As a result of this Act, most herb products are now sold in a food category designated "dietary supplements."  The legislative intent of DSHEA was to guarantee availability of herbal products, to allow  scientific information, that is truthful and appropriately qualified, to be used in conjunction with the sale of these products, to give consumers some information about the products' benefits, and to provide appropriate cautions about their use.  The Act also places the burden of proof that an herb product is adulterated or unsafe on the government.  The government is now required to present any such evidence in federal court rather than simply ordering the manufacturer to stop selling the product.

This Act permits what is known as "third-party literature", although what exactly constitutes this type of literature has yet to be defined in a regulatory context.  In theory, publications, articles, chapters in books, and scientific reports to support the sale of dietary supplements is permitted and is not considered "drug" labeling.  However, the information must not be false or misleading and must not promote a specific manufacturer or product brand.  It must provide a balanced view of any scientific research.  In addition, if information is displayed in a store, it must be kept separate from the dietary supplement to which it refers.  

Finally, this Act allows labels to discuss the effects on general well-being or on "structure or function in humans" but drug claims cannot be made.  If the labels carry structure or function claims, the label must also carry the following disclaimer:  This statement has not been evaluated by the Food and Drug Administration.  This product is not intended to diagnose, treat, cure, or prevent any disease.

(Much of the information in this section was derived from the discussion in Tyler's Honest Herbal.  See References. The illustration is from the New York Times, February 9, 2000.


New Rules for Claims on Dietary Supplements

These rules which became effective on February 7, 2000 attempt to distinguish the "disease claims" from the "structure/function claims" that were articulated in the 1994 Act.  If a dietary supplement claims to cure a disease, it must undergo rigorous FDA review prior to making it available to the public.  This process would be similar to that used for prescription drugs.  If a dietary supplement does not claim to cure a specific disease or malady, it does not have to undergo rigorous FDA review.  Supplement makers would want to avoid FDA review in order to market their products more quickly to consumers.  The key to the distinction is the language that is used to describe what a supplement actually does (according to manufacturer).  Some examples are provided below.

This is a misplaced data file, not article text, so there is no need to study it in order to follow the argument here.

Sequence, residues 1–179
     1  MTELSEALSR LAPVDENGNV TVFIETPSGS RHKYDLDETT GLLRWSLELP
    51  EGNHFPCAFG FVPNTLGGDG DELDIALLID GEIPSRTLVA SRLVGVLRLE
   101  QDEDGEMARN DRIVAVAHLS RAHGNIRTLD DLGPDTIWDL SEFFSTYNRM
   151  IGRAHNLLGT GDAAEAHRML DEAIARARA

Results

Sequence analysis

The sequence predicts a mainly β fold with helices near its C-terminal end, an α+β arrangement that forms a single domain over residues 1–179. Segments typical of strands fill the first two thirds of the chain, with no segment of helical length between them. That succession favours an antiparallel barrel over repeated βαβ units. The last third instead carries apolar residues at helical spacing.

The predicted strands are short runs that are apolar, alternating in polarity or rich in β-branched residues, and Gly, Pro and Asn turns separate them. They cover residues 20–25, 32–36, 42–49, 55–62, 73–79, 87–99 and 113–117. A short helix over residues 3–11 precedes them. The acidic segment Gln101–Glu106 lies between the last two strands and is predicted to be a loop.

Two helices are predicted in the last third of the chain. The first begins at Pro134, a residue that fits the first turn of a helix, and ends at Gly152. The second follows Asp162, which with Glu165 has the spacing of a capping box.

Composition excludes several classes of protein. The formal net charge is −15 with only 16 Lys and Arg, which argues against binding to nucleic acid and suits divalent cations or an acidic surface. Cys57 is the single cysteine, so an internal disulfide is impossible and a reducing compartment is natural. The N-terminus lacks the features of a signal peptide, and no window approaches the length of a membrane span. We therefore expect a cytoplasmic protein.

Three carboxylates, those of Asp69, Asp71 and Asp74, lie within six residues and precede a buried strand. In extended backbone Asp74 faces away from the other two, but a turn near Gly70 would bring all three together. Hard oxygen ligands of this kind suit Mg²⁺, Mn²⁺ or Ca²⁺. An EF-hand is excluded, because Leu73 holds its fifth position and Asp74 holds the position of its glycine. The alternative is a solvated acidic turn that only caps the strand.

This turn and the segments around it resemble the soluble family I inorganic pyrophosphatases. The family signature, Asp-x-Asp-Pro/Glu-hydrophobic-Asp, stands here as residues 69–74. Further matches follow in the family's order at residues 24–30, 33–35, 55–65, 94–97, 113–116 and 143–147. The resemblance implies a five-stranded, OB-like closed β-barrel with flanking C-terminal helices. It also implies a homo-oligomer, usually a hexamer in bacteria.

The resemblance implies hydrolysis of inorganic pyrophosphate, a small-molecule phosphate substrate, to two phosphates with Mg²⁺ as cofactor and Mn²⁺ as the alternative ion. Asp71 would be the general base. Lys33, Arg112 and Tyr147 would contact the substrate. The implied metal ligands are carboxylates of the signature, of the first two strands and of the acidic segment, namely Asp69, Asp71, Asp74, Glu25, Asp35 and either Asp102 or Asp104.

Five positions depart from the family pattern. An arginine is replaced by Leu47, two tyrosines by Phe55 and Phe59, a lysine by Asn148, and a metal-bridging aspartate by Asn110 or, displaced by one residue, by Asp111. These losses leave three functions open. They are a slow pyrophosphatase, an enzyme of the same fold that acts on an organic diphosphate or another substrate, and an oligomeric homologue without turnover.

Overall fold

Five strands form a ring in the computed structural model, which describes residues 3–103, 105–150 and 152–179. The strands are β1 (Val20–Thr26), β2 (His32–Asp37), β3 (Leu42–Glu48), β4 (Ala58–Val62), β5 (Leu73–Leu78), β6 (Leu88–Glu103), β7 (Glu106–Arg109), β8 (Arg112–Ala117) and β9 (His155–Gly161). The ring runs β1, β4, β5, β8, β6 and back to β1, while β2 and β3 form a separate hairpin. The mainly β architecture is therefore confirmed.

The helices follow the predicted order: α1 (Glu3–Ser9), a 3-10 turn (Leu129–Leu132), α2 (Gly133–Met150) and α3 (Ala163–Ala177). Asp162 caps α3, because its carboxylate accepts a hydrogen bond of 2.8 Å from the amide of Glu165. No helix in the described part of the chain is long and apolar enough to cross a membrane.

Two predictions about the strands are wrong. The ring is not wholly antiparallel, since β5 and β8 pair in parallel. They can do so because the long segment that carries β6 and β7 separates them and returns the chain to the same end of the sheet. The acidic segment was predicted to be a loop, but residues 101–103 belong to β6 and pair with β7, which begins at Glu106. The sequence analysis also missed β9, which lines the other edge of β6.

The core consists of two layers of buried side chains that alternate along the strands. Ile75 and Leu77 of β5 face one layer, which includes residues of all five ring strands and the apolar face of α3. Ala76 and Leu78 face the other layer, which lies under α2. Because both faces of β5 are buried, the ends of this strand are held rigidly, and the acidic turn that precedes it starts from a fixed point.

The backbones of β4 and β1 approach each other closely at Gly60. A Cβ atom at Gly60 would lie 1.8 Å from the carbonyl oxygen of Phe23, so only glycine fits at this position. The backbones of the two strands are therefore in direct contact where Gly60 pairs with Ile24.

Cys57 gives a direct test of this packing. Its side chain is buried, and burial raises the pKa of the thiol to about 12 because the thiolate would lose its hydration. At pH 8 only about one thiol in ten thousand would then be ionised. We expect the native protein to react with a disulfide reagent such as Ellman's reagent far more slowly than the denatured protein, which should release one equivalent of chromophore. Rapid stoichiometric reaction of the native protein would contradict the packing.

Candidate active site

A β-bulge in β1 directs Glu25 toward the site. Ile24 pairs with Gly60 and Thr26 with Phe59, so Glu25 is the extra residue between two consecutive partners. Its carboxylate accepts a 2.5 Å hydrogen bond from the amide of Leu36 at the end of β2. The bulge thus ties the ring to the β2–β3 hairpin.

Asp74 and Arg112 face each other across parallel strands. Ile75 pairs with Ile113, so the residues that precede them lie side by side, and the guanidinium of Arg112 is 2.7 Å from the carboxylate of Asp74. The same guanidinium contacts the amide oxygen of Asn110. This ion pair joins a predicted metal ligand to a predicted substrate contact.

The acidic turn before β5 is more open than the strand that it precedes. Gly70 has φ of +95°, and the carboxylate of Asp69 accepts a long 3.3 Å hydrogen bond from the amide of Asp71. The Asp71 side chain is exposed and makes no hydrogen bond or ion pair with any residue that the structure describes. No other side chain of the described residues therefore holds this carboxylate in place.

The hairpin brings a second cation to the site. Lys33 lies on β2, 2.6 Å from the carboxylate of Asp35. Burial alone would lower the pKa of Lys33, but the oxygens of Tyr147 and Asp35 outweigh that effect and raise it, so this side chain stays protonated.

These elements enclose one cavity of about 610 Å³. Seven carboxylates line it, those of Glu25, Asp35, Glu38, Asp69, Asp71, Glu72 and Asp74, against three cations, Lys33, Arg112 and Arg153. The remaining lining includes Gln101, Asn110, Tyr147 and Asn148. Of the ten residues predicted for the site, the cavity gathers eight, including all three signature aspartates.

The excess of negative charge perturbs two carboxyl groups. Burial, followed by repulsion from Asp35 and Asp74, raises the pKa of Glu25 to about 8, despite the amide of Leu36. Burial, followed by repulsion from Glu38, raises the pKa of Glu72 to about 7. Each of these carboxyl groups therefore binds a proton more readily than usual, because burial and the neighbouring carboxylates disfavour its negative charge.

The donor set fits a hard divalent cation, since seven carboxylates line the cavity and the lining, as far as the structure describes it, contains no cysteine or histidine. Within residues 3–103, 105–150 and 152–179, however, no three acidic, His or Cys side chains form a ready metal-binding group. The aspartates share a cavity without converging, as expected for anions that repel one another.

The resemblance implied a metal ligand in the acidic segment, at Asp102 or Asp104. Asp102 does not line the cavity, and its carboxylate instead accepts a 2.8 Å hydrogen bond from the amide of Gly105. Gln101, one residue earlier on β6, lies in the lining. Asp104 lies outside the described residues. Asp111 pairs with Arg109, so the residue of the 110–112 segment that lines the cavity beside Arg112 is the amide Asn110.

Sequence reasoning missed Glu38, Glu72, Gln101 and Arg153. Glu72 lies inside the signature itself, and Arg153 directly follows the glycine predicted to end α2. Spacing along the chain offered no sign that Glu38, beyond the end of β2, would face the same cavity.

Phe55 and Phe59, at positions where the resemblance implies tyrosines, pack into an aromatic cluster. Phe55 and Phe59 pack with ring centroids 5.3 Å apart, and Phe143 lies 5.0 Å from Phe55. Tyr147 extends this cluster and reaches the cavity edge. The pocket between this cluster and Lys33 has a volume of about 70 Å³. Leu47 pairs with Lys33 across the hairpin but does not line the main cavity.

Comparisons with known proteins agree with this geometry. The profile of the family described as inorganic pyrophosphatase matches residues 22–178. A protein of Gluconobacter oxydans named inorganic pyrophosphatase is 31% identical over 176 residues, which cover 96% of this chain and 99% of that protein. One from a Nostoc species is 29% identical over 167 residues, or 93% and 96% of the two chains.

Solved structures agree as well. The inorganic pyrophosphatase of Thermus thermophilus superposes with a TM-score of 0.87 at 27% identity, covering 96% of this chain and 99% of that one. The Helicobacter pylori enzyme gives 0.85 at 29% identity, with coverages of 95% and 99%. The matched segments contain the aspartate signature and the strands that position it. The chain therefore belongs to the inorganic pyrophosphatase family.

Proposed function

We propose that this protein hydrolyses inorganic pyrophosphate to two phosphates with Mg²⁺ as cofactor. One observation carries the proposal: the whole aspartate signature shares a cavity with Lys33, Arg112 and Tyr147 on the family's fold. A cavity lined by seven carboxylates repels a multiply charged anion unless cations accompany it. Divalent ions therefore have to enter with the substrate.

Structure/Function Claims                                     Disease Claims

Maintains healthy lung function Maintains healthy lungs in smokers
Supports the immune system Supports the body's antiviral capabilities
Helps to maintain cholesterol levels that are already within the normal range Lowers cholesterol
For the relief of occasional sleeplessness Helps to reduce difficulty falling asleep


In all, the FDA came up with many such examples of acceptable and unacceptable language, from both real and hypothetical labels, which were derived from comments by consumers, advocacy groups and supplement makers. 

The FDA acknowledges that the differences between acceptable and unacceptable claims may be hard to discern and has been referred to "splitting hairs".  These new rules may not be the last word on this subject.

(The information for this section was adopted from an article in the Wall Street Journal, February 22, 2000.)


Abood, R.R., & Brushwood, D.B. (1994). Pharmacy practice and the law. Gaithersburg, MD:  Aspen Publishers, Inc.

Adams, C. (2000, February 22). Splitting hairs on supplement claims.  The Wall Street Journal. pp. B1, B4.

Brody, J.E. (1999, February 7). Americans gamble on herbs as medicine.  The New York Times, pp. D1, D7.

Food and Drug Administration. (2000, January 5). FDA finalizes rules for claims on dietary supplements [On-line] Available:

Foster, S. & Tyler, V.E. (Eds.) (1999). Tyler's honest herbals. New York: The Haworth Herbal Press.


Lucy Canter Kihlstrom, PhD
Copyright 2000 Institute for the Study of Healthcare Organizations & Transactions.  All rights reserved.
Revised: April 08, 2010 .